We get to have some fun with buttons in PyroCMS 2. Workless comes with some shiny buttons that make the interface a little more fun. They come in two varieties: primary and secondary. Primary buttons take a class of “btn” and can have a color as a class (red, blue, gray, orange, green). So, for example:
<button class="btn blue">Save</button>
Luckily, PyroCMS has a button partial that you can pass data to, and it color codes the buttons by their function. So, if you are using the button partial, your Save, Delete, etc. buttons should already be upgraded. If not, get your head in the game. Secondary buttons are smaller and used for lists and other places where flashy buttons would be a distraction. These take a class of “button” and do not come in colors. If you are using the button partial and it is defaulting to the large ones, simply add a new param to get the secondary buttons:
<?php $this->load->view('admin/partials/buttons', array('button_type'=>'secondary', 'buttons' => array('edit' => array('id' => '../instances/edit/' . $widget->id), 'delete')) ); ?>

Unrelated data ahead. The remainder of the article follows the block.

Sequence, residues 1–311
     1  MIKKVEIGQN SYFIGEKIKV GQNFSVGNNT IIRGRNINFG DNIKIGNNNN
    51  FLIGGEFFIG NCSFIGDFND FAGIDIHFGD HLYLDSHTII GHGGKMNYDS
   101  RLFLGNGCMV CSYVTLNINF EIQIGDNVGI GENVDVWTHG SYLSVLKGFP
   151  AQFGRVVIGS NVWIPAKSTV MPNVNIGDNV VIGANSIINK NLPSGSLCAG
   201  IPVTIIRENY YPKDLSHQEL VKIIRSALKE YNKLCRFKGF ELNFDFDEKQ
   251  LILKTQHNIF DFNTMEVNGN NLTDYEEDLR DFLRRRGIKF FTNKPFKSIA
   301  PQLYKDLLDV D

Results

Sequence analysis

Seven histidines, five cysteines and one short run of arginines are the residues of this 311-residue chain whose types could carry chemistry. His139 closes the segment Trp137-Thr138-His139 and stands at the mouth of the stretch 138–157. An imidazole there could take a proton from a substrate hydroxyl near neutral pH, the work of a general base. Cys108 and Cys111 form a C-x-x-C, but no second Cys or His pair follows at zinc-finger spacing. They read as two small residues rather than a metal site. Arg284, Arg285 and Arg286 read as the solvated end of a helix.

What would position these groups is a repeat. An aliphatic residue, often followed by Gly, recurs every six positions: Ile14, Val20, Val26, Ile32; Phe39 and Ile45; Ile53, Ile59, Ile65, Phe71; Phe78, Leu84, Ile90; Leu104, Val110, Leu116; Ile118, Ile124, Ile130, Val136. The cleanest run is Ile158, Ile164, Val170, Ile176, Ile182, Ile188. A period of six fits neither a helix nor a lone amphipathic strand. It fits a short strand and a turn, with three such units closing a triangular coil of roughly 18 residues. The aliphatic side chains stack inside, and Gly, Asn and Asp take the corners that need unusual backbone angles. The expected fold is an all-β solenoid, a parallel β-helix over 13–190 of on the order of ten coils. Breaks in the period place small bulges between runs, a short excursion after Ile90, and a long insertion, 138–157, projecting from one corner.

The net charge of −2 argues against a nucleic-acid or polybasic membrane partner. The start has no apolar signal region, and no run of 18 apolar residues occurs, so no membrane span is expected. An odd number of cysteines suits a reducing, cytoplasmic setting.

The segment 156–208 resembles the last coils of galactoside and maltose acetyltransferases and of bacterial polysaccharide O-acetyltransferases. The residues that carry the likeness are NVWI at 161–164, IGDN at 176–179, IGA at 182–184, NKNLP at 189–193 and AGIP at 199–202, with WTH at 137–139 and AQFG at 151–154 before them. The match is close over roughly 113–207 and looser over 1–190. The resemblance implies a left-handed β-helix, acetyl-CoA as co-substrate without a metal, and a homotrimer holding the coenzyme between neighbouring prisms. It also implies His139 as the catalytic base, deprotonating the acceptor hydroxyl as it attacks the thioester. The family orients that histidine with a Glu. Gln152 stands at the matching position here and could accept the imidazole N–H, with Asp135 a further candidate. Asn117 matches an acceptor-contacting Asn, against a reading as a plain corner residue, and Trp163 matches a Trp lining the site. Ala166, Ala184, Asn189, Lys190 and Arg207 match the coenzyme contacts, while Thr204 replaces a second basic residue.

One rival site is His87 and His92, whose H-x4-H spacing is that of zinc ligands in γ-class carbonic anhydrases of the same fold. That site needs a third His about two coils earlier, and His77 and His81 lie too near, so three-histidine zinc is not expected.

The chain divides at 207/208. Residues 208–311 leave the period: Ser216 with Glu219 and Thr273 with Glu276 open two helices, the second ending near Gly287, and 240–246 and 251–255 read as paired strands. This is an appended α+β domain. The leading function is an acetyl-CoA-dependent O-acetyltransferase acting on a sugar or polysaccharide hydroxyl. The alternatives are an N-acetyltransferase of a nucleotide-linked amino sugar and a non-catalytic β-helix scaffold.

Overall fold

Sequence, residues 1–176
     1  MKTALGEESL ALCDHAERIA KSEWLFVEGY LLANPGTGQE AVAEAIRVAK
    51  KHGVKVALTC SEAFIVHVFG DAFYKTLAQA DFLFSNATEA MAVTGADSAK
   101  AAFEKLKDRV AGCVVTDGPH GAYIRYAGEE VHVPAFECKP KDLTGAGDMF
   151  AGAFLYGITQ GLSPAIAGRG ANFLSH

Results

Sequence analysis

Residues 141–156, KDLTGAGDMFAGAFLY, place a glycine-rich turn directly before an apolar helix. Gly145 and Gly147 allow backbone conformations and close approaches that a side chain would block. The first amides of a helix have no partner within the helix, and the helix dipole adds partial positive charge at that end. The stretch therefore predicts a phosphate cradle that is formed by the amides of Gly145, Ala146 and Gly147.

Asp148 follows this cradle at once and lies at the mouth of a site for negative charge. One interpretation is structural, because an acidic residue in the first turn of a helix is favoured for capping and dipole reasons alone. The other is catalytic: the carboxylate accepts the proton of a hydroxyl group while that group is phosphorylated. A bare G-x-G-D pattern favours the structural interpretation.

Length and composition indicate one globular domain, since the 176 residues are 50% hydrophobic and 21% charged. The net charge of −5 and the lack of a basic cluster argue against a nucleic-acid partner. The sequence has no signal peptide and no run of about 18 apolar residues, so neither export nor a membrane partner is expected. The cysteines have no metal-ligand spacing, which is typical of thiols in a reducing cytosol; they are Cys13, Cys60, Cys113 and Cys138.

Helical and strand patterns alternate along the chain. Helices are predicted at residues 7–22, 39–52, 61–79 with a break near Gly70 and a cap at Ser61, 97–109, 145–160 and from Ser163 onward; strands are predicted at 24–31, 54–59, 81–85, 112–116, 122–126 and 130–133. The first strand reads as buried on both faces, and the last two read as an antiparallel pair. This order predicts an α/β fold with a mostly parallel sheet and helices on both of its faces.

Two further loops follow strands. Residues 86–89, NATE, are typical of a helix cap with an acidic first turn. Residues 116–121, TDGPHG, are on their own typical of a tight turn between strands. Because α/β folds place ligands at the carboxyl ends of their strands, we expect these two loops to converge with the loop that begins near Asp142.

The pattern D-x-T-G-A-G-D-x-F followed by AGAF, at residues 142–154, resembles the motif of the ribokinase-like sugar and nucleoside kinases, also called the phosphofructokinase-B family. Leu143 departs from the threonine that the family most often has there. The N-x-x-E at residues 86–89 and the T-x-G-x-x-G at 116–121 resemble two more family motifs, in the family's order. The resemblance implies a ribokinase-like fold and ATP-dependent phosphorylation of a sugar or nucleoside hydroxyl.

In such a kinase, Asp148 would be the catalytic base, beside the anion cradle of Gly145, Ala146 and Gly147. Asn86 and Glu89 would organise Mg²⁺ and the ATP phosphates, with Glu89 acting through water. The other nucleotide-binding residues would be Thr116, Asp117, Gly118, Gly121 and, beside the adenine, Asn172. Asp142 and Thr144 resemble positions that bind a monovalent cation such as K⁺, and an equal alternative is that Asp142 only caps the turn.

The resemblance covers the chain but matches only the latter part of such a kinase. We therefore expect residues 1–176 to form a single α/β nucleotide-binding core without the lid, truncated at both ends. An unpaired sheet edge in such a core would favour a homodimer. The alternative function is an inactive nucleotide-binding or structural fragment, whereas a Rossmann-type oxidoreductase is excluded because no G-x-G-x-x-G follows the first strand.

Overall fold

It defaults to primary, so don’t worry about it if you want the primary buttons.
Sections and Shortcuts
The interface in PyroCMS 1.3 was made for simple modules, like “Redirects”, which is essentially a GUI crud for a DB table. If you want more functionality for sections of admin content within a module, you needed to roll your own solution. I did that for PyroStreams with a special level of nav that defined a “Fields” and “Streams” section. In PyroCMS 2, you can define “sections” in your details.php file. Here is an example:
|1 2 3 4 5 6 7 8 9 10 11 12 13 14 15 16 17 18 19 20 21 22 23 24 25 26 27 28 29 30 31 32 33 34 35 36 37 38 39 40 41 42 43 44 45 46 47 48 49 50 51 52||
This way, you can easily separate your modules into different sections, and the interface will respond in kind:
The best way to integrate this is to separate your module into separate admin controllers. The admin.php controller, and another controller for each section. For the blog module, it would be admin_categories.php for the categories section.